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Cas City Forum Hall & CAS-L  |  Special Interests - Groups & Societies  |  USFA CSS (Moderator: Capt. John Fitzgerald)  |  Topic: Rodeo refinish #2 0 Members and 1 Guest are viewing this topic. « previous next »
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Author Topic: Rodeo refinish #2  (Read 4467 times)
Kent Shootwell
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« on: April 09, 2015, 05:08:37 pm »


I've started on my next Rodeo and thought some may find the torn down pistol of interest. I've done the color case hardening before I thought of snapping a photo. My basement isn't much of a photo lab so the colors don't look as good in this shot as it is in sun light. I'll post again when done and will take it out side for that.
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Monsai52
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« Reply #1 on: April 25, 2015, 08:36:09 pm »

That's beautiful work Kent.  I hope you'll post more images (and some of your techniques) as the project continues.  I have a Rodeo that I picked up last year and this is the direction that I'd really like to go with it.

Best regards,
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Kent Shootwell
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« Reply #2 on: May 13, 2015, 11:22:49 am »

Finished it finally.



* 2015-05-13 001 2015-05-13 001b.jpg (112.59 KB, 600x400 - viewed 34 times.)
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yahoody
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« Reply #3 on: May 13, 2015, 12:41:45 pm »

Nicely done!  Beautiful gun.  Looks more like a 1st Gen Colt than Turnbull's work to me.  And you still have beautiful case colors.
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Monsai52
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« Reply #4 on: May 13, 2015, 06:58:08 pm »

Wow, that is really nice work!

Best regards,
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Professor Marvel
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« Reply #5 on: May 13, 2015, 07:24:37 pm »

My Dear Kent -
It is hard to imagine that one could turn that bead-blasted workhorse into such a object of beauty and envy!
Fine work, sir

yhs
prof (envious) marvel
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Monsai52
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« Reply #6 on: May 14, 2015, 02:42:18 pm »

Finished it finally.


Kent,

The more I look at the amazing metamorphosis you performed on your Rodeo, the more I'm drawn to doing something similar to my mine.  Would you be willing to share any of your surface preparation techniques?

Best regards, 
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Kent Shootwell
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« Reply #7 on: May 14, 2015, 03:11:45 pm »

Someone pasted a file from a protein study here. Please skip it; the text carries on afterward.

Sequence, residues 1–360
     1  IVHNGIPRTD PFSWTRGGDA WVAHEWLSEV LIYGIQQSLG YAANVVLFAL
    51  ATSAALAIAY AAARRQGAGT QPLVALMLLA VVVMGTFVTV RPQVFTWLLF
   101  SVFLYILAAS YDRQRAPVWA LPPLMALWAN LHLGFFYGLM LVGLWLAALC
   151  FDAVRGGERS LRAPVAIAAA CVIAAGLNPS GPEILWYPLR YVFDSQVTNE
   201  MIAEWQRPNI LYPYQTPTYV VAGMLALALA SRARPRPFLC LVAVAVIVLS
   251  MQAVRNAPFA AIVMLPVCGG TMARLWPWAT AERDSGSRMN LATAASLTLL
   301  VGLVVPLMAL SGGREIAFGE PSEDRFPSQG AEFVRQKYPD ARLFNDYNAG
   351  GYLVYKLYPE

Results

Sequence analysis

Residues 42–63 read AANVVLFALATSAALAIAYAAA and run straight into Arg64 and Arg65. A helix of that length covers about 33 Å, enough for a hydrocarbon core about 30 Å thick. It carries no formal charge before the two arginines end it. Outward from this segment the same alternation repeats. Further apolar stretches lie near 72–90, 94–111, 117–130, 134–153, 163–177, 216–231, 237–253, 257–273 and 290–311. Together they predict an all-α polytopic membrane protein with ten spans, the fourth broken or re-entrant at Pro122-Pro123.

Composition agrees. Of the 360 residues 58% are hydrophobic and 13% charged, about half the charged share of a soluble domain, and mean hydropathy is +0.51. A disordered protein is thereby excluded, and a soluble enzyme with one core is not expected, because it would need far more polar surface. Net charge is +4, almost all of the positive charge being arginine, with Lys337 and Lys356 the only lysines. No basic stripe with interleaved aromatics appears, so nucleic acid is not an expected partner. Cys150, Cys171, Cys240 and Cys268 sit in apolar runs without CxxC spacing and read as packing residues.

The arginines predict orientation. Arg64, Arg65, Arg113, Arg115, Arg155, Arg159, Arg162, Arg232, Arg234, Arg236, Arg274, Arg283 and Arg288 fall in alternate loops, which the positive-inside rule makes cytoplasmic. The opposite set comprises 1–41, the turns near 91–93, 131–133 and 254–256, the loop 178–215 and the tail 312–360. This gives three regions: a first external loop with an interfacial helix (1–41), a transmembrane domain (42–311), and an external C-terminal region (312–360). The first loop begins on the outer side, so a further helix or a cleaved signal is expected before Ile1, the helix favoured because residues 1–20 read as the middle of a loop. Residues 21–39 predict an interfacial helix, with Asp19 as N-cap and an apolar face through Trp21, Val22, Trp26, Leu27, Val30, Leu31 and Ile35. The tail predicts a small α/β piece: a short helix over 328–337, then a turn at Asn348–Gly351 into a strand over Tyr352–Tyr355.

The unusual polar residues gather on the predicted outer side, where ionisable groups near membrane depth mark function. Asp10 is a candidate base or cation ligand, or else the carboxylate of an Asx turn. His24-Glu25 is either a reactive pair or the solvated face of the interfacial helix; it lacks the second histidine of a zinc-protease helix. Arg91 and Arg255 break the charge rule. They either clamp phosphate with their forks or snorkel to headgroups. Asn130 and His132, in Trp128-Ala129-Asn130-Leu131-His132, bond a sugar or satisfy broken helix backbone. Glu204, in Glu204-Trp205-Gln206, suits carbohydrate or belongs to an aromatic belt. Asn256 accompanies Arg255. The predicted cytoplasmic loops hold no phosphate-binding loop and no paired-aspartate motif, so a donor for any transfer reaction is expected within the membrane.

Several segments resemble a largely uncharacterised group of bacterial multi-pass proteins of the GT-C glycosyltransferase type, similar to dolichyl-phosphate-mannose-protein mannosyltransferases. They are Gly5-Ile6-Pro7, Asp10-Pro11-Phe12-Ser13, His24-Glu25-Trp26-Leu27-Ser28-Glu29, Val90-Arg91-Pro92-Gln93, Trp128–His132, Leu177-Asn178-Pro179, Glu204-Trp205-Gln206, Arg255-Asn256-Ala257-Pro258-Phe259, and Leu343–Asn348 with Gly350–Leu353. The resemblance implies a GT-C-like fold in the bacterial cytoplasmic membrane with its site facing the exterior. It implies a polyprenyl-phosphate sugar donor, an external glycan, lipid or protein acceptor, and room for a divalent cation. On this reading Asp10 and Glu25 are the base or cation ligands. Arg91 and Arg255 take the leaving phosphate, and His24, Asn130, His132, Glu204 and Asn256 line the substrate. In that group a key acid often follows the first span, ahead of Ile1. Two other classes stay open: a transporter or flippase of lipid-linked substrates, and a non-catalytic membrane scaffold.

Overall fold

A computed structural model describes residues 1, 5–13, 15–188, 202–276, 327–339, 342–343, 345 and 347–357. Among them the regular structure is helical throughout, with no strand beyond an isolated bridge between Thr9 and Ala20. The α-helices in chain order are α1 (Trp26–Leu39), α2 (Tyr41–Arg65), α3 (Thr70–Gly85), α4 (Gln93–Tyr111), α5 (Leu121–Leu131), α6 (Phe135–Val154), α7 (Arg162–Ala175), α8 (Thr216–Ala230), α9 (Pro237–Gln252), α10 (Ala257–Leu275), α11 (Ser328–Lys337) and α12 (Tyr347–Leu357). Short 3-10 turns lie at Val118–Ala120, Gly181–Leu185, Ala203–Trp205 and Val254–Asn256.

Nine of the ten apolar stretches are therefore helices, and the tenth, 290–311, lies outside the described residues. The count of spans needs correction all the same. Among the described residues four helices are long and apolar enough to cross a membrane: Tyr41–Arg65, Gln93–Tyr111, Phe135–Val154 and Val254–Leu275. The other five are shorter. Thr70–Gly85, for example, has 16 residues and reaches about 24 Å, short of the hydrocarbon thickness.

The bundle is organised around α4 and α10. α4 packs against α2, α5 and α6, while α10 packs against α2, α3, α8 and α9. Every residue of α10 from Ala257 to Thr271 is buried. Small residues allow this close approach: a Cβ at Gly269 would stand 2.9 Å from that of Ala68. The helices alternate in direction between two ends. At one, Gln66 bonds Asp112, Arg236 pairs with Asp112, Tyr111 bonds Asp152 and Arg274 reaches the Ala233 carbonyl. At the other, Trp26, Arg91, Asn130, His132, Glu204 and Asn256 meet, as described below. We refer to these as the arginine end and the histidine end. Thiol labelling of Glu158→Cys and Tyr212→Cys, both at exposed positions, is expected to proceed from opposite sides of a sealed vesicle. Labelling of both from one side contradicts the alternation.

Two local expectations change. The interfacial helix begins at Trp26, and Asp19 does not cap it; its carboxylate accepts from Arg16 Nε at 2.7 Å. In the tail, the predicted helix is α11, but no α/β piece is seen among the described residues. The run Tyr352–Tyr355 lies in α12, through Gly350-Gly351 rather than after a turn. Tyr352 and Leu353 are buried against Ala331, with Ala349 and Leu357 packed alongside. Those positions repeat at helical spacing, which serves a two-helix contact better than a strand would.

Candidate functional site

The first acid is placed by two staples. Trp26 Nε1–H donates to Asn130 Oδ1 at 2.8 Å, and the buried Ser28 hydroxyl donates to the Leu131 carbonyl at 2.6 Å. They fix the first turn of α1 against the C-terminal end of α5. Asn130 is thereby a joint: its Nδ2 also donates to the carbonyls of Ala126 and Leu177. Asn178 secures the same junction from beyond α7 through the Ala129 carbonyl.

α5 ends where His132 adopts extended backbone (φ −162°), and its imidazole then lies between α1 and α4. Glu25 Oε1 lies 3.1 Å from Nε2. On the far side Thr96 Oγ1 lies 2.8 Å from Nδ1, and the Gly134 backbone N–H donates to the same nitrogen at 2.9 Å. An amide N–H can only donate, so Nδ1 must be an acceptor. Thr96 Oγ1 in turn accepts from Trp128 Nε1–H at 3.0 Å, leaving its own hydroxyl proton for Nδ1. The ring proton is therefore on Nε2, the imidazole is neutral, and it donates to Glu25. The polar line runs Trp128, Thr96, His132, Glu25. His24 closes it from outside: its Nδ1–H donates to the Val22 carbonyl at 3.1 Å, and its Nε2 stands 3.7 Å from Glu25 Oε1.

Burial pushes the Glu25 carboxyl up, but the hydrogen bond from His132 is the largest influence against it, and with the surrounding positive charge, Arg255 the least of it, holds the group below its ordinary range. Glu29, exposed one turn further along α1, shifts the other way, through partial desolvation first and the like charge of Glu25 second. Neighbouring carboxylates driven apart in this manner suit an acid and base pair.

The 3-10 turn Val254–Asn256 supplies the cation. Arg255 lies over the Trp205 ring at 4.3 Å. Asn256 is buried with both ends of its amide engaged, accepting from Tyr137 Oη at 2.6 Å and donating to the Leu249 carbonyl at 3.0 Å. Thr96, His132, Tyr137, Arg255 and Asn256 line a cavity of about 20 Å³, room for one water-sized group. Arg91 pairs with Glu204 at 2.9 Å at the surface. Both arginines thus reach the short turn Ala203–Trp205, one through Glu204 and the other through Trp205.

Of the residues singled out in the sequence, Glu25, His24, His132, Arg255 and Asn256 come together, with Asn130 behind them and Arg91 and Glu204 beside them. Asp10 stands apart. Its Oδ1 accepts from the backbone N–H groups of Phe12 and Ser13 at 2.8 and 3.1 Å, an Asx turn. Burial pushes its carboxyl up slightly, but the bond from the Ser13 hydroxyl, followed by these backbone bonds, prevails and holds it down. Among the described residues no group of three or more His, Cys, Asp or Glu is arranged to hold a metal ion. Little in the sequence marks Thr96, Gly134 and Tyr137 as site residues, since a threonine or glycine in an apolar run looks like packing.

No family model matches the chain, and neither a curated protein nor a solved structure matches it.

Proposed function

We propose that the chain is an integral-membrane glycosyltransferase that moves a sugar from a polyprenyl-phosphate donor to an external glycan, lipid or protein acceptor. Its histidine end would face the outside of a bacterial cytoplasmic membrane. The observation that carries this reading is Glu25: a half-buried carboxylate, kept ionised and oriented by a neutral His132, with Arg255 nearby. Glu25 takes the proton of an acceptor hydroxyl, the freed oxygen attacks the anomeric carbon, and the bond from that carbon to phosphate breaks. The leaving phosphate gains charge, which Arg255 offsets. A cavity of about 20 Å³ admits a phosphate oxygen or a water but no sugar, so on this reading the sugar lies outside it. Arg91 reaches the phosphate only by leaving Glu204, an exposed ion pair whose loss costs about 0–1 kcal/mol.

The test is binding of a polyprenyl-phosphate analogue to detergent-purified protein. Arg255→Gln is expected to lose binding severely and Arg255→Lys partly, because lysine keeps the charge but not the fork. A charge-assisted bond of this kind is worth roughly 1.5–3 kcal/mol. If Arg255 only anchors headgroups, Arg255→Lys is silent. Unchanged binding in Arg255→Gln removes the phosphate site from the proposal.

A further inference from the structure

Monsai52, Yes I'll share. Just take it all apart like in the first photo then anneal the frame then do any stone work inside that may have a burr. Polish each part with wet or dry sand paper starting with 320 grit. I use kerosene to soak the paper and clear the grit. Work with blocks and dowels to keep the flats flat and round areas smooth. Use each grit at an angle to the last to help show and spot what needs more work down to 1200 grit. For me that takes about 5 hours, your time may vary. If it looks good enough for you then the (polish) prep work is done.  Oh and use a vice with padded jaws to hold the work and a tight dowel in the barrel helps too.
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yahoody
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« Reply #8 on: May 14, 2015, 03:49:10 pm »

Info I hope might help anyone wanting to enhance a Rodeo's matte blue finish.
If you have not done much with steel or a revolver in particular it is a little more difficult and time consuming to do right than one would think.  And easier to wreck a nice gun when done wrong or in a hurry.  Five hours work when someone knows what they are doing.

If not and you are new to metal and you have a Rodeo a good place to start with little risk of harm is a Birchwood Casey Lead Remover & Polishing Cloth.  Taking your gun back down to polished steel will be some effort and time.  But the mild abrasives in the cloth won't hurt any thing if the polishing is done by hand. 

I used the B-C cloth to first antique one of my Rodeos not concerned about polishing for a nice reblue or refinish.  Remember blue and color case will hide/cover a multiple of sins in metal work, matte nickel less and bright nickel even less.

first antiqued


 
then engraved



another pair I antiqued to a lesser extent, leaving some blue, but not the "black gun" Rodeo look.  Again done with a B-C cloth, taking about an hour or so per gun, starting with the gun in pieces but always with the barrel still attached to the frame.   I am hoping to eventually have these engraved as well.

 

And the end result of that amount of polishing....and a "antique blue finish"?  I intentionally used a antique blue finish to mast the lack of metal prep/polish on this pair of Rodeos I shoot almost daily.   What I didn't do on the metal polish the blueing and engraving cover the majority of it up.